In April, Max Kennedy, Jr. — the grandson of Robert F. Kennedy — “sent an anonymous complaint to Congress detailing dangerous incompetence in the Administration’s response to the pandemic,” even though he had signed a nondisclosure agreement. According to a September 21 New Yorker article, Kennedy attempted to blow the whistle while volunteering for Trump’s COVID-19 task force. “I just couldn’t sleep,” Kennedy told The New Yorker. “I was so distressed and disturbed by what I’d seen.”
Kennedy joined the White House COVID-19 Supply-Chain Task Force, a group Jared Kushner formed, in March. The group aimed to “get vital personal protective equipment, such as masks, to virus hot spots.” When Kennedy showed up on his first day with fellow young volunteers, he realized that they wouldn’t just be playing supporting roles: “We were the entire frontline team for the federal government.” The volunteers were instructed to use their personal computers and private email accounts to locate “desperately needed medical supplies,” according to The New Yorker.
Kennedy soon saw that the task force was ill-equipped to handle such a large-scale crisis. “It was the number of people who show up to an after-school event, not to run the greatest crisis in a hundred years,” he said. Kennedy was also disturbed by “the way the President was downplaying the crisis.” “I knew from that room that he was saying things that just weren’t true,” he told The New Yorker.
Why did the administration use volunteers to handle these important tasks? Kennedy believes that this choice was made “in order to sidestep government experts and thereby ‘control the narrative.’” Kennedy also claims that Brad Smith, one of the political appointees in charge of the task force, “pressured him to create a model fudging the projected number of fatalities; Smith wanted the model to predict a high of a hundred thousand U.S. deaths, claiming that the experts’ models were ‘too severe.’” Kennedy then allegedly told Smith that he lacked any experience in diseased modelling and refused to undertake the task.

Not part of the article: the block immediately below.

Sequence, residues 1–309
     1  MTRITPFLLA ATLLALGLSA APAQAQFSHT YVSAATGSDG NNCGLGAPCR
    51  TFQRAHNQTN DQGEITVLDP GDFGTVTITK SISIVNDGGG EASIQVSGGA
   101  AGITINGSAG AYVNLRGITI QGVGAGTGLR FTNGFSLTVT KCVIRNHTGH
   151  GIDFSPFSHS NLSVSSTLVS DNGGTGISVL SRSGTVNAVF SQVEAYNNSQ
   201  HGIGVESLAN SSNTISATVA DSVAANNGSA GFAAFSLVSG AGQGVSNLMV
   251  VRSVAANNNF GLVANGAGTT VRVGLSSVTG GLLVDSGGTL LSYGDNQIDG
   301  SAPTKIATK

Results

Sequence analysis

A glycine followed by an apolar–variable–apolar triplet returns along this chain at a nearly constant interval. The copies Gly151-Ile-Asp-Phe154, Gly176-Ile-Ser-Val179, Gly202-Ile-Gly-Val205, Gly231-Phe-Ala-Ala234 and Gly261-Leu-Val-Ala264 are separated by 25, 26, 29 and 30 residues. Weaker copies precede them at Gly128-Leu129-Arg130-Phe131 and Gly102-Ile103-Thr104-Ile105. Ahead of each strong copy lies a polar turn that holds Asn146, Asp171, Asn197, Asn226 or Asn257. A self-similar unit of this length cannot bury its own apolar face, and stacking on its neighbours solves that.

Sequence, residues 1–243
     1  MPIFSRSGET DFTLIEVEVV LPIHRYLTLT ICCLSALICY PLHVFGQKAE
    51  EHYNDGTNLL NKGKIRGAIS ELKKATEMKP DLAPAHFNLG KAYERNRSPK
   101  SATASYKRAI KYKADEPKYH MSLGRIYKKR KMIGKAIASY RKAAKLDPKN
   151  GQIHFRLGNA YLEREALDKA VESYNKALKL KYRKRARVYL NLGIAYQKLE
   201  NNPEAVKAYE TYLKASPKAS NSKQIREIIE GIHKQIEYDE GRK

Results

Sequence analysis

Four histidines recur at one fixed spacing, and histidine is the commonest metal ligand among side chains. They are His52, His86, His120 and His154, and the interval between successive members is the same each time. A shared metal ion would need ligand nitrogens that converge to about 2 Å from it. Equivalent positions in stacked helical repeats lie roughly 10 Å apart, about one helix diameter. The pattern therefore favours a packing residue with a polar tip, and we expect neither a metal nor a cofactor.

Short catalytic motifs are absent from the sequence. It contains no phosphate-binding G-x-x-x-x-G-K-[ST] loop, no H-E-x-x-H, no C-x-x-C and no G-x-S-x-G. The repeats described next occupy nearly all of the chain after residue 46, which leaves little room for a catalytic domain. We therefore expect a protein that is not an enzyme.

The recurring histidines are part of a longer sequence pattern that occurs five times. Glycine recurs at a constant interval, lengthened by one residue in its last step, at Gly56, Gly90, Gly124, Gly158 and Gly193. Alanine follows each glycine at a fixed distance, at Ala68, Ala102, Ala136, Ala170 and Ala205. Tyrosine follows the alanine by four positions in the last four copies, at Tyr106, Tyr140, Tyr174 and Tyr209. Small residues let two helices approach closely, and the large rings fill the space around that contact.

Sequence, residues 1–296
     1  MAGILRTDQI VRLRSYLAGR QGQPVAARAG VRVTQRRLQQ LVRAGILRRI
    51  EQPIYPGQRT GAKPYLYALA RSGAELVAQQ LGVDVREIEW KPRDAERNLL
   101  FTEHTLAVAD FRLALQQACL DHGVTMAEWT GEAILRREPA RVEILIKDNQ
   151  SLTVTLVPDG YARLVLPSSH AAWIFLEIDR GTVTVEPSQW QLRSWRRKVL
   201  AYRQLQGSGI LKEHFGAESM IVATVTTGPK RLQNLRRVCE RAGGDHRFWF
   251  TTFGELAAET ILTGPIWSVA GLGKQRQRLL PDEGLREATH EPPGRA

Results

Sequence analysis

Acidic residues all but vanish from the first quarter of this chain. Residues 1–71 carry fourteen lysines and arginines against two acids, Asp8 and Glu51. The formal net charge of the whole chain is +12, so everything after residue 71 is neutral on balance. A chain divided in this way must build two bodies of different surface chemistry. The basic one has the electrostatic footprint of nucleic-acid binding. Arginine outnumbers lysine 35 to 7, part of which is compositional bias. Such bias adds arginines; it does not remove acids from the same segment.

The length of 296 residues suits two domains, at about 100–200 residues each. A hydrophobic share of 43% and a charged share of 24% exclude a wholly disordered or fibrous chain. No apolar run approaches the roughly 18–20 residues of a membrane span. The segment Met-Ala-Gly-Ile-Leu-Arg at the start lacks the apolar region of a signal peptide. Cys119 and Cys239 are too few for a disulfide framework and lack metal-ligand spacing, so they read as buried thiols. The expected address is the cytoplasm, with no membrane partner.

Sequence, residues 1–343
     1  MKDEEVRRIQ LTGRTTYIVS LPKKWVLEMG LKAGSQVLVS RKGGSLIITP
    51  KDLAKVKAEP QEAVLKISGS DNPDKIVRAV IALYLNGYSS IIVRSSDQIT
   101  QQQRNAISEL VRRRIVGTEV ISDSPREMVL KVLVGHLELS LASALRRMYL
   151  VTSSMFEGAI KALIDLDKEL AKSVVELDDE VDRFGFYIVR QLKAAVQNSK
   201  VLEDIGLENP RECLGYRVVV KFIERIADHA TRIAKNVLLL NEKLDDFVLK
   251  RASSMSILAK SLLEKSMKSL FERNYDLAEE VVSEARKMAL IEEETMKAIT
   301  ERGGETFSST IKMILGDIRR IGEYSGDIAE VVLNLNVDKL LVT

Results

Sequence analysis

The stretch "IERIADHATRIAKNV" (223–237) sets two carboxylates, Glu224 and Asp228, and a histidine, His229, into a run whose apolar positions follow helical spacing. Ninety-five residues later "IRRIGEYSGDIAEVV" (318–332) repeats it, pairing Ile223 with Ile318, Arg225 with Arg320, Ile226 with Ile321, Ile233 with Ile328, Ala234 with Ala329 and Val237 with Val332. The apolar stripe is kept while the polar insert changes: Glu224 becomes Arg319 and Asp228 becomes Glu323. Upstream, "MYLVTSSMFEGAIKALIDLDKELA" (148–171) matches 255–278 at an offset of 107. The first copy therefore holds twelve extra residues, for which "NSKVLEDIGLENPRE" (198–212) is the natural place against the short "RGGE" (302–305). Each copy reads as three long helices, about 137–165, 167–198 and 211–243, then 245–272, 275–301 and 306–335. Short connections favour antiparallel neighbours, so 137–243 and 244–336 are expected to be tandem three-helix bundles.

Kennedy claims that “the volunteers were also instructed to prioritize requests from the President’s friends and supporters.” Fox News show host Jeanine Pirro allegedly “demanded that masks be shipped to a hospital she favored.” Additionally, the volunteers were told, “to direct millions of dollars’ worth of supplies to only five preselected distributors.” Kennedy was frustrated by the task force’s overall lack of coordination and organization.
The government’s response to the COVID-19 crisis became evident when frontline medical workers struggled to acquire the supplies they needed. In late March, a photo from a New York City hospital circulated in the news: it displayed health workers being forced to use garbage bags as gowns and wear pre-worn masks.
Kennedy claimed that Kushner visited the Federal Emergency Management Agency (FEMA) offices sporadically, inquiring if the task force volunteers needed anything and “promising fixes by the end of the day.” “But I never saw a single thing that Kushner promised change,” said Kennedy.
Kennedy wrote a complaint to the House Oversight Committee “after two or three weeks of growing distress,” then quit the task force in April. He is now “working on the Democrats’ 2020 election efforts” and will be featured in a new documentary by Alex Gibney called “Totally Under Control.”
“If you see something that might be illegal and cause thousands of civilian lives to be lost, a person has to speak out,” Kennedy said. According to Kennedy, the government’s response to the COVID-19 crisis “was like a family office meets organized crime, melded with ‘Lord of the Flies.’ It was a government of chaos.”